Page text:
Direct evidence for the impact of B cells came from studies showing that their intratumoral density is associated with good prognosis in BC (Mahmoud et al., 2012), CRC (Edin et al., 2019; Berntsson et al., 2018), NSCLC (Germain et al., 2014), head and neck cancer (van Herpen et al., 2008), ovarian cancer (Nielsen et al., 2012; Milne et al., 2009; Santoiemma et al., 2016), biliary tract cancer (Goeppert et al., 2013), primary cutaneous melanoma (Garg et al., 2016), metastatic melanoma (Cabrita et al., 2020), and HCC (Shi et al., 2013; Garnelo et al., 2017). In CRC, B cells were found associated with good outcome (Edin et al., 2019; Berntsson et al., 2018). Analysis of clonal diversity of B cell infiltrates showed that decreased diversity was associated with improved survival in primary cutaneous melanoma but with diminished OS in renal cell carcinoma (Iglesia et al., 2014, 2016; Selitsky et al., 2019). Such clonal expansion is suggestive, but not demonstrative, of the presence of anticancer B cells and does not inform about their specificity. The presence of plasma cells in BC (Yeong et al., 2018), at the vicinity of CD8T cells in ovarian cancer, and the expression of their signature in breast (Seow et al., 2020) and ovarian cancer (Nielsen et al., 2012) were associated with favorable outcome (Table 1 and Fig. 1). However, an analysis of 54 cohorts of encompassing 25 cancer types revealed that although the prognostic impact of tumor-infiltrating B cells was positive in 50% of the studies, it was deleterious or neutral in 9% and 41%, respectively (Wouters and Nelson, 2018). A few studies addressed the question of the role of B regulatory cells (B reg cells) in human cancers. The frequencies of CD19+-IL-10+ B reg cells correlated with shorter OS in bladder cancer (Zirakzadeh et al., 2020) and BC (Murakami et al., 2019), and the coexistence of B reg cells with regulatory T cells (T reg cells) correlates with shorter metastasis-free survival in BC (Ishigami et al., 2019).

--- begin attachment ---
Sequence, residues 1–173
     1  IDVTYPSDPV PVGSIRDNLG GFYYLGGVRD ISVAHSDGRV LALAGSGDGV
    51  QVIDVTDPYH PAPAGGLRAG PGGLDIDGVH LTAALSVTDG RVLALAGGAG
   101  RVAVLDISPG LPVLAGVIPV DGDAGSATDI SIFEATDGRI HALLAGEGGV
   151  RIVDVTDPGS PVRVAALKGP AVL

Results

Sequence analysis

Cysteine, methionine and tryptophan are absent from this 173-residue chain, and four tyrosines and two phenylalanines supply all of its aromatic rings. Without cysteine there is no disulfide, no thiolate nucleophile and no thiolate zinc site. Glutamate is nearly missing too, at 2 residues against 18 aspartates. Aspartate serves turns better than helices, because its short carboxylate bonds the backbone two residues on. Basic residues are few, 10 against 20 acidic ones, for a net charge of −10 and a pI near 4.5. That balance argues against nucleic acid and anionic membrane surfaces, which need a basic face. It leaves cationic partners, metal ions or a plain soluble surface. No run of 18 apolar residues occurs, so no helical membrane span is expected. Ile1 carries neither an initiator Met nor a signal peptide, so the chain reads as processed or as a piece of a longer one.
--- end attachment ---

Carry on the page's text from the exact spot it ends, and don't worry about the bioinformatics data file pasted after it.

Intratumoral B cells undergo isotypic switch and produce IgG or IgA antibodies directed against tumor antigens upon in vitro culture, as shown in NSCLC (Germain et al., 2014) and ovarian cancer (Montfort et al., 2017). The impact of the isotypes of antibodies produced by intratumoral B cells is critical for their Fc-dependent activities, which can be mediated through Fc receptors or complement activation. Indeed, by activating natural killer (NK) cells or macrophages via antibody-dependent cellular cytotoxicity (ADCC; Clynes and Ravetch, 1995) and macrophages via antibody-dependent cellular phagocytosis (ADCP; Gül and van Egmond, 2015), IgG antibodies may participate in antitumor activity, locally and systematically, as illustrated by the favorable prognostic impact of circulating IgG anti-MUC1 antibodies in breast, pancreatic, and gastric cancers (Hamanaka et al., 2003; Kurtenkov et al., 2007; Fremd et al., 2015). Analysis of RNA-sequencing data from cutaneous melanoma tumors from The Cancer Genome Atlas also showed an association between high levels of IgG1/IGH transcripts and favorable prognosis (Bolotin et al., 2017). In contrast, in clear cell renal cell cancer, tumor-bound IgG participates in the activation of the classical complement pathway in situ, fueling chronic inflammation and yielding poor prognosis. This occurs through the binding of complement component C1q, originating from macrophages, on tumor-associated IgG antibodies. Recruitment of tumor cell–produced C1r, C1s, C4, C2, C3, and C5 allows complement activation and chronic inflammation (Roumenina et al., 2019a). A protumoral role of B cells has been also been found in squamous cell carcinoma (Affara et al., 2014) occurring by deposition of IgG-containing immune complexes that foster FcγR-dependent activation of myeloid cells and fuel inflammation. In NSCLC, the classical pathway is activated in part in an IgM-dependent manner (Kwak et al., 2018), conferring poor prognosis (Ajona et al., 2013). The impact of antitumor IgA antibodies on patient prognosis seems deleterious, as suggested by analysis of IgA/IgGH transcripts in melanoma and in situ analyses in melanoma and bladder cancer (Bosisio et al., 2016; Welinder et al., 2016). In HCC, IgA+ B cells inhibit cytotoxic T cell responses that prevent hepatocarcinogenesis in the inflamed liver (Shalapour et al., 2017). The impact of B cells, although undoubtful, may therefore be a tumor contexture–dependent double-edged sword.